I will have to keep my eyes open and try again and then repost with some better notes.

DStahl... Great link, that was just what I was looking for.

Peter

photonbucket
2002-Jan-28, 02:12 AM
As I'm new to this site I think I just posted a blank answer, sorry! Anyway, these undulations will be because of surface relief on the Moon and should be particularly evident along the southern edges.

GrapesOfWrath
2002-Jan-28, 02:20 AM
Good one photonbucket, welcome to the BABB. I see you either didn't, or figured out to use the delete post feature.

Weren't the original Galilean telescopes worse than a modern pair of binoculars?

ToSeek
2002-Jan-28, 02:49 PM
On 2002-01-27 20:16, RMallon wrote:
http://antwrp.gsfc.nasa.gov/apod/ap001228.html

Two cents worth....
I think GofW got the first one right with the terminator line. As I've looked with binocs for years, I've noticed some little undulations at this shadow line along with typical mountain/crater wall shadows. This area of the moon is receiving a low angle of sunlight, hence the heavy contrasts; details emerge. This would also accentuate different terrain altitudes, lending to the wavering effect. The moon is far from having smooth surface features.
Randy



The unevenness is also the source of the "Baillie's Beads" (I hope I spelled that right) effect during a total eclipse, when the Sun shines through just a few bits around the edge of the Moon.

GrapesOfWrath
2002-Jan-28, 03:08 PM
On 2002-01-28 09:49, ToSeek wrote:
The unevenness is also the source of the "Baillie's Beads" (I hope I spelled that right)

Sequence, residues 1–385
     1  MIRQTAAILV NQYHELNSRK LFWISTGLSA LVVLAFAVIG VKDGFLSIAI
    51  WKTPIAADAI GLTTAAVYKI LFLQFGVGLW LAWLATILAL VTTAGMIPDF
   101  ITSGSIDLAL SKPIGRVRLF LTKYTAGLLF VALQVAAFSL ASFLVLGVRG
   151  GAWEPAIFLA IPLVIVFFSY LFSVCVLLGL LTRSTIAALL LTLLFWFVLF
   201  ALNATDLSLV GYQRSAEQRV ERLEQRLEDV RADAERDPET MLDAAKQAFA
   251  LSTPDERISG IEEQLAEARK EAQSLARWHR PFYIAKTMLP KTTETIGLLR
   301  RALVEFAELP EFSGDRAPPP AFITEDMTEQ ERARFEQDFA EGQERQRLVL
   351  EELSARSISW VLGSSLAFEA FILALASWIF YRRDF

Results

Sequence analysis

I don't think anyone knows how to spell it. When I searched for Baily's Beads and Solar Eclipse, I got 365 hits. When I used "Bailey's" instead, I got 221 hits. Uh, Baillie's had none.

Maybe they were looser with orthography back then.

<font size=-1>[And Bailly's had 9 hits--nod to Donnie B. below]</font>

<font size=-1>[ This Message was edited by: GrapesOfWrath on 2002-01-28 12:08 ]</font>

Donnie B.
2002-Jan-28, 05:03 PM
There was a French astronomer named Bailly, has a crater named after him; he's best known for studies of Halley's comet and the Jovian satellites.

However, "Baily's beads" are named after an 18th century British astronomer, Francis Baily.

I don't think there's any "Baillie" associated with lunar studies.

Russ
2002-Jan-28, 11:11 PM
On 2002-01-27 16:47, moonbuggy wrote:


Question 1. On recently viewing a near full moon with 7 x 25 binoculars I thought I could see slight undulations along the curvature at the edge of the moon's disk.

I've got a bit of a whine to toss out here. "undulations" could mean alot of different things.

There are mountains that are visible on the limb of the Moon. These could also cast undulating shadows depending on Sun angle. It could also have been heat convection motion from Earth's atmosphere. It could have been a combination of these. It all depends on what you mean by undulations.

photonbucket
2002-Feb-07, 04:13 PM
Good point but it would have to have been awful seeing in x25 binos.

GrapesOfWrath
2002-Feb-07, 04:21 PM
LOL! I used x24 for a long time, not so bad. 'Course, photonbucket, you don't bend over for anything less than x400, right?

photonbucket
2002-Feb-09, 02:55 PM
Ah Ah, you have totally got the wrong end of the stick. As you increase the magnification and aperture the seeing becomes more and more of a factor-that's what I meant. I used 7x50s and they are fantastic.

GrapesOfWrath
2002-Feb-09, 03:39 PM
Yes, I did misinterpret. Your point was that it would have to be severe seeing conditions in order for it to be a factor in observing undulations on the moon surface through x24 binos. I get it now. Sorry.